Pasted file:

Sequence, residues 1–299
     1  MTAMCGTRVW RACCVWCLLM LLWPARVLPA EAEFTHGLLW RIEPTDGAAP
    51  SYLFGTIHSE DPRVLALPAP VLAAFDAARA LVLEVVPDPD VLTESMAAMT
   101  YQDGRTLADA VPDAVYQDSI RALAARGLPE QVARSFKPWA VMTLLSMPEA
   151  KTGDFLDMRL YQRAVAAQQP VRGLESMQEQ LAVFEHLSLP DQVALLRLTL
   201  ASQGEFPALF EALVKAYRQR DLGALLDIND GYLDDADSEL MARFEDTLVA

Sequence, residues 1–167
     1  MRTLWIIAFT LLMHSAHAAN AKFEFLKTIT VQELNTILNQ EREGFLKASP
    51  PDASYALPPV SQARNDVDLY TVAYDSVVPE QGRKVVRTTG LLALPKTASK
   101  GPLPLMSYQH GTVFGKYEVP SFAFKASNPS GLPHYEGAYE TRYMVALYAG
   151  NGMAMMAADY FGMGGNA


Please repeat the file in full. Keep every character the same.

Sequence, residues 1–299
     1  MTAMCGTRVW RACCVWCLLM LLWPARVLPA EAEFTHGLLW RIEPTDGAAP
    51  SYLFGTIHSE DPRVLALPAP VLAAFDAARA LVLEVVPDPD VLTESMAAMT
   101  YQDGRTLADA VPDAVYQDSI RALAARGLPE QVARSFKPWA VMTLLSMPEA
   151  KTGDFLDMRL YQRAVAAQQP VRGLESMQEQ LAVFEHLSLP DQVALLRLTL
   201  ASQGEFPALF EALVKAYRQR DLGALLDIND GYLDDADSEL MARFEDTLVA

Sequence, residues 1–167
     1  MRTLWIIAFT LLMHSAHAAN AKFEFLKTIT VQELNTILNQ EREGFLKASP
    51  PDASYALPPV SQARNDVDLY TVAYDSVVPE QGRKVVRTTG LLALPKTASK
   101  GPLPLMSYQH GTVFGKYEVP SFAFKASNPS GLPHYEGAYE TRYMVALYAG
   151  NGMAMMAADY FGMGGNA